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Sunday Quotes to Reflect on

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The provocative mind of Jean Baudrillard

"The futility of everything that comes to us from the media is the inescapable consequence of the absolute inability of that particular stage to remain silent. Music, commercial breaks, news flashes, adverts, news broadcasts, movies, presenters—there is no alternative but to fill the screen; otherwise there would be an irremediable void.... That's why the slightest technical hitch, the slightest slip on the part of the presenter becomes so exciting, for it reveals the depth of the emptiness squinting out at us through this little window."

― Jean Baudrillard


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On this date, 337 years ago...

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Elena Cornaro Piscopia

On the 25th of June, 1678, the Venetian Elena Cornaro Piscopia defended a doctorate thesis of philosophy and was awarded at the University of Padua. She was a high-esteemed philosopher and musician of her time. However, she became famous as the first woman in European history to receive a university doctoral degree or Ph.D.


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10 quotes from one of the greatest American writers and philosophers of the 20th century

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Robert Pirsig

Robert M. Pirsig is the author of only two books - Zen and the Art of Motorcycle Maintenance (1974) and Lila: An Inquiry into Morals (1991). Someone could say: Well, then what is so special about him? There were other incredible minds in the States and they were definitely more prolific writers. It could be regarded as impossible but inside these two books, Pirsig managed to say more than other writers in 30 volumes. He was able to synthesize the inconceivable number of theories, researches, and personal experiences that he had gone through during his long life in less than 1000 pages. And that is not because he had nothing more to say. Matter of fact, the biography of Robert Pirsig is quite interesting. He was a prodigy child who had an alleged IQ of 170 at the age of nine. Several years later he graduated high school at the age of 14. He studied Biochemistry, entered the U.S. Army, which brought him to South Korea and when he came back to the States he became a professor at the age of 30, teaching creative writing. At the age of 33, he was diagnosed with schizophrenia and was treated with electroconvulsive therapy on numerous occasions. One of his sons – Chris – who is a main character in his first book, got stabbed to death at the age of 22. And while all of that happened, Pirsig never stopped his ardent and vigorous researches into the essence of quality, metaphysics, truth, and existence in general.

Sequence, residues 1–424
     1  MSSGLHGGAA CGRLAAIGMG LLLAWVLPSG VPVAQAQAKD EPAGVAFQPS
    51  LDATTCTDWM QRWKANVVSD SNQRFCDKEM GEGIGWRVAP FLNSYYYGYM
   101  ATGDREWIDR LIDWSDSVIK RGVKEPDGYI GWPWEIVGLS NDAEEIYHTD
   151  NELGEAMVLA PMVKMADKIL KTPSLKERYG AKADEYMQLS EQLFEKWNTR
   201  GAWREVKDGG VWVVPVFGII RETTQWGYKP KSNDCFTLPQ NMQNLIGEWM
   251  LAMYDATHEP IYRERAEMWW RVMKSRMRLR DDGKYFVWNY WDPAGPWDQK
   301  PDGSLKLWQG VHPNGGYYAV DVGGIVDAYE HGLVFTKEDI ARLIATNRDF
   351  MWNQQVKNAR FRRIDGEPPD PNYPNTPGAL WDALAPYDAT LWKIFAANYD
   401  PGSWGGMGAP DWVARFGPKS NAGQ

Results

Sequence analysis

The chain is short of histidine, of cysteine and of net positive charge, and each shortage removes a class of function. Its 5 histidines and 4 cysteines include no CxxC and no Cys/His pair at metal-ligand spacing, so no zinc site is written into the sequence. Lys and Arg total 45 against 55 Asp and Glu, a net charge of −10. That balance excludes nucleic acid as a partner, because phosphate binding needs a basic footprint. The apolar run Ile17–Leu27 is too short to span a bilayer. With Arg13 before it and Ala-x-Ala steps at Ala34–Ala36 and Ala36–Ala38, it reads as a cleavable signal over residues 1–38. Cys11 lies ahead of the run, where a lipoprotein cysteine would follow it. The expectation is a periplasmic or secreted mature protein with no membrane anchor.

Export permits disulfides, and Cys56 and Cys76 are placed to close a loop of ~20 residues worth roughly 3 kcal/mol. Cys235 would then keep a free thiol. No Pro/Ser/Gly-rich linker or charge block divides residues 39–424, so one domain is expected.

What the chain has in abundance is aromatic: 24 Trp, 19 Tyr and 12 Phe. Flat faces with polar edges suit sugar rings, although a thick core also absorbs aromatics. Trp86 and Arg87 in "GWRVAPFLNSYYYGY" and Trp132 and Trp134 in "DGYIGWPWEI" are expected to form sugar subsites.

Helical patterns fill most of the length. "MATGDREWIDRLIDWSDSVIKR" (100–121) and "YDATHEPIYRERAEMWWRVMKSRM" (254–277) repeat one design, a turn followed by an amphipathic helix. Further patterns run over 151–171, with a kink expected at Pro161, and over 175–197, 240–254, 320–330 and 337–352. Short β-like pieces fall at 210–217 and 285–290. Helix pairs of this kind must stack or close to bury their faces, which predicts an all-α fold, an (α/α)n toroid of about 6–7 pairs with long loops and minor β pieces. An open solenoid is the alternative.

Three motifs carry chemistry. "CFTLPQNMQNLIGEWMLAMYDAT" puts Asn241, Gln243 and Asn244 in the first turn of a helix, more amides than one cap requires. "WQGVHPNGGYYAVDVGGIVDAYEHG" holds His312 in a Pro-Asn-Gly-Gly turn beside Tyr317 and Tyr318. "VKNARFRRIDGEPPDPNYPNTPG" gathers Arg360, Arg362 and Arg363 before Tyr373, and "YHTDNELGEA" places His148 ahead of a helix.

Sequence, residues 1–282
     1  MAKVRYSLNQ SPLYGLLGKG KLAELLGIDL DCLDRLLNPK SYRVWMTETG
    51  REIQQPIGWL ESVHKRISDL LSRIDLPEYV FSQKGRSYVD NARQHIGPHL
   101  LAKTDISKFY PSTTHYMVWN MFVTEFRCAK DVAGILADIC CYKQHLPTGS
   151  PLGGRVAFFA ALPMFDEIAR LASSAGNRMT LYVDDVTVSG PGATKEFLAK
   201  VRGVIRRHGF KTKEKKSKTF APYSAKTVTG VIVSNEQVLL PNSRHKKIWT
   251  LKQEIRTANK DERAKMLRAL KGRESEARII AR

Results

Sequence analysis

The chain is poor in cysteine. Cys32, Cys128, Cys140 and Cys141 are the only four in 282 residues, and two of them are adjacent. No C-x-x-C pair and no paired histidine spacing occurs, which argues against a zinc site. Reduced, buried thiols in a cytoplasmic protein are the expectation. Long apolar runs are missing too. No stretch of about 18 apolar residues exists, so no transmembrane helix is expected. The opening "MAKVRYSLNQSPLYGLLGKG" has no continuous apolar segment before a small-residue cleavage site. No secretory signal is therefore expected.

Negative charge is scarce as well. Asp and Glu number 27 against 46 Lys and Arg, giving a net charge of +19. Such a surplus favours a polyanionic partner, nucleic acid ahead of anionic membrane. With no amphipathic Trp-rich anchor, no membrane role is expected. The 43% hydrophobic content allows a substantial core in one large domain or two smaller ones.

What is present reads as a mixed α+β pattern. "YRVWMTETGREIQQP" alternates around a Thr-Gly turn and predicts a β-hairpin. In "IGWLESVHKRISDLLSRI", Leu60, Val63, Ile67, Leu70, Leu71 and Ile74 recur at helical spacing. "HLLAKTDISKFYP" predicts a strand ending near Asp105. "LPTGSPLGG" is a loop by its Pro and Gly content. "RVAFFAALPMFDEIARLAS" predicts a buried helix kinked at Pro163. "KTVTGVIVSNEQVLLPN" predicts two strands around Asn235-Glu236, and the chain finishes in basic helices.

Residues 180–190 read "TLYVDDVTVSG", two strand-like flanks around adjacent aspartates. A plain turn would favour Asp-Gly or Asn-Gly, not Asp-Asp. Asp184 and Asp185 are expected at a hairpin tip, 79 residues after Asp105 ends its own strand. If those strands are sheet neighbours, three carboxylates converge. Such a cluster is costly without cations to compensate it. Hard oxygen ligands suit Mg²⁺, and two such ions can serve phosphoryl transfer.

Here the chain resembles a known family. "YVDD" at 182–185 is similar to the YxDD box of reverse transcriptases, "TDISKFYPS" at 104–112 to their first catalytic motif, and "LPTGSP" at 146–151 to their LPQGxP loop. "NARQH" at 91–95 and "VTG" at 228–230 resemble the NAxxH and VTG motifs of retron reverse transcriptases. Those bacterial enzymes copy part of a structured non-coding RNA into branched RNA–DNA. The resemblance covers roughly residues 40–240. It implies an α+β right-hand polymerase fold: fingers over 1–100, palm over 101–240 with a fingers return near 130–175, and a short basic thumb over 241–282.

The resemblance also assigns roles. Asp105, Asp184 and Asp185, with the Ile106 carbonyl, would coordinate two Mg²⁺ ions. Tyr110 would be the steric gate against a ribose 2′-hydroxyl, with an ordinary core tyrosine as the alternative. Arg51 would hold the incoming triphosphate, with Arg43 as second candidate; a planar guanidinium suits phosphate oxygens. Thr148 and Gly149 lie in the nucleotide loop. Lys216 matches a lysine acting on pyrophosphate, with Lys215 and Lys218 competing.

Here are some of the pearls that crystallized inside his two books:

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Credit: French Philosopher Roland Barthes, Paris, 9th June 1978; Gettyimages A Lover's Discourse: Fragments "Am I in love? --yes, since I am waiting. The other one never waits. Sometimes I want to play the part of the one who doesn't wait; I try to b...